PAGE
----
Title: Clap When You Land
Author: Elizabeth Acevedo
Genre: YA fiction
When I read With the Fire on High last month, I knew Elizabeth Acevedo was an author who deserved further investigation. I thought that book was fantastic. And I’ve heard so many great things about this one, so I put it on hold at my library in eager anticipation. Little did I know, this was a novel in verse. I was a bit nervous because I didn’t know if it was a style I would enjoy, but I ended up really hooked. What a wonderful story.
From Goodreads: Camino Rios lives for the summers when her father visits her in the Dominican Republic. But this time, on the day when his plane is supposed to land, Camino arrives at the airport to see crowds of crying people…
In New York City, Yahaira Rios is called to the principal’s office, where her mother is waiting to tell her that her father, her hero, has died in a plane crash.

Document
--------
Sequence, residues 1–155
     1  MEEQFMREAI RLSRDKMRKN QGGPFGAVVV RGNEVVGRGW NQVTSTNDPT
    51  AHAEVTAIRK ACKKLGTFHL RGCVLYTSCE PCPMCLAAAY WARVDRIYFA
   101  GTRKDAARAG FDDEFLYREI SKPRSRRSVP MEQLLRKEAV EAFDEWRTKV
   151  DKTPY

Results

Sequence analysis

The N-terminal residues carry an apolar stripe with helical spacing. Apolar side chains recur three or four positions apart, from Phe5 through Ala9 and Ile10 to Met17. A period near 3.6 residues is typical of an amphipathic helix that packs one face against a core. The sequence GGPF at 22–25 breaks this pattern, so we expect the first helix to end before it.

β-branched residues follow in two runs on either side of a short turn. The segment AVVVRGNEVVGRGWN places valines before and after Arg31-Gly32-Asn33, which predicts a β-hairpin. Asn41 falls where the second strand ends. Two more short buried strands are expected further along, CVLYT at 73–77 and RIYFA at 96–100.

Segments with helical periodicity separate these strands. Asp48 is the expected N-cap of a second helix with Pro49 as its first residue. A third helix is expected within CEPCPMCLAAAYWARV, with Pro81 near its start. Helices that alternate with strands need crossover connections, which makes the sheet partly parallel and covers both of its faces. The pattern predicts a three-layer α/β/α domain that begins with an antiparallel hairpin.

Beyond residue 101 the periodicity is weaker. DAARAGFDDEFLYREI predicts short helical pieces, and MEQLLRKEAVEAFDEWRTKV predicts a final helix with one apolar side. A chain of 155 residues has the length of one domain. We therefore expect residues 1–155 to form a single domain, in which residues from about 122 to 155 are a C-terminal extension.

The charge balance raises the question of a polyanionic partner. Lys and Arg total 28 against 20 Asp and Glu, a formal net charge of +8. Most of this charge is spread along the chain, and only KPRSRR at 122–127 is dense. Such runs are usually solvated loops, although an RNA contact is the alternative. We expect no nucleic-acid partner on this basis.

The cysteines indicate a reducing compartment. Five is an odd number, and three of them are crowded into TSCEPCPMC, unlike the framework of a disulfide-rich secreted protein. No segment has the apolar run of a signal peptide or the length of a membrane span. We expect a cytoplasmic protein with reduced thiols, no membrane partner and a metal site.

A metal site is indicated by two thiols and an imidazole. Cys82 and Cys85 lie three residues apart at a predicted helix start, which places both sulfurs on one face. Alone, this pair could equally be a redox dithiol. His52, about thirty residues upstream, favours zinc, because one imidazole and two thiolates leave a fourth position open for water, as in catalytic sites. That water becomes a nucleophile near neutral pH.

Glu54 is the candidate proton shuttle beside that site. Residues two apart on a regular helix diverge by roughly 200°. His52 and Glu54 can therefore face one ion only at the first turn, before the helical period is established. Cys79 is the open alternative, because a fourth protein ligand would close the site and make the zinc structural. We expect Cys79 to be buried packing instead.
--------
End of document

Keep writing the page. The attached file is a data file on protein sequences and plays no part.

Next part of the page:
Separated by distance—and Papi’s secrets—the two girls are forced to face a new reality in which their father is dead and their lives are forever altered. And then, when it seems like they’ve lost everything of their father, they learn of each other.
The horror each girl faces losing their father is pretty terrible. But on top of that, they learn of each other. How their father had two separate families, two separate lives. The knowledge is undoing. How can either reconcile the knowledge of the other, while trying to survive their loss? The style of verse is just gorgeous. It is minimal and choppy when it needs to be to parallel the loss and sorry. It’s drawn out and longer to parallel the love and joy. This book should absolutely be taught in classrooms, not just for the own voices aspect, but the writing style. I flew through this book and absolutely loved it.